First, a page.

Monster battles have been changed from random encounters to creatures you can run into (or who chase you) on screen. The pro here is that you can dodge battles when you’re not in the mood, but some enemy placement in dungeons forces you into battle after battle.
Where the game is a bit of a let down are the bosses. I’ve yet to be killed by one of these and most of them are a walk in the park. In fact, some of the general monsters actually felt more difficult than bosses.
Even with the ease of battles, you’ll still be stuck with a clunky and underwhelming menu system. It just doesn’t feel intuitive, really, and everything feels as though it requires extra steps in order to use. The same can be said for the menu outside of battle when looking at stats or even purchasing from stores. It is something you’ll quickly get used to though, but you shouldn’t have to.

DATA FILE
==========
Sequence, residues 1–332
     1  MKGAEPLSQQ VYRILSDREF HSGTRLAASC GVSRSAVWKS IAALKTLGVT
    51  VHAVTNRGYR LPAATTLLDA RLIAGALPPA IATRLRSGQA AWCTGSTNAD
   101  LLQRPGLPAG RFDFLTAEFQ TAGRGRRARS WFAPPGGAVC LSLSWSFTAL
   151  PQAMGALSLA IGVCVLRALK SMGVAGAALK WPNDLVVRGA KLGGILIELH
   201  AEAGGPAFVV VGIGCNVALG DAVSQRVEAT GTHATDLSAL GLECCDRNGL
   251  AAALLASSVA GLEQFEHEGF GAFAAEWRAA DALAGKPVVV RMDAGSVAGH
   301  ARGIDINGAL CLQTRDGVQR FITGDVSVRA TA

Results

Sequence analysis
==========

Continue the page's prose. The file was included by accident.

The plain, boring menus are a stark contrast to the overwhelmingly beautiful graphics. DQ7 is presented using a 3D engine — unlike the original’s 2D one — and it really brings everything to life. Towns are beautiful and vibrant, castles feel warm and inviting, and monsters stand out in battle. It’s a game you’ll be gushing over for hours upon hours and the visual changes brought on by vocation changes only adds more lusciousness to the title.
And then, finally, we have the music. Everything sounds like ear candy with the most beautiful of melodies. These tunes set the scenes for heart-pounding moments or light-hearted tomfoolery. Get used to the soundtrack, though, as there are a limited number of tunes that play over and over. As with other Dragon Quest titles, you may get sick of the battle theme after 15 or so hours.
For those who own a new 3DS console, this game doesn’t take advantage of it. It would have been nice if Square Enix had the draw distance improved or allowing the nub to control the camera…
Release date: 16 September 2016
Developer: Heartbeat, ArtePiazza
Publisher: Square Enix
Platform(s): Nintendo 3DS (review platform)
Launch price (RRP): R699
Industry average score: 83/100
Verdict: Even with its minor flaws, Dragon Quest VII: Fragments of the Forgotten Past is an absolute gem of an RPG. Its massive story, huge world, and excellent battle system will have you drawn in for hours on end. It may have originally come out for the PS1, but it’s a contender for my game of the year in 2016.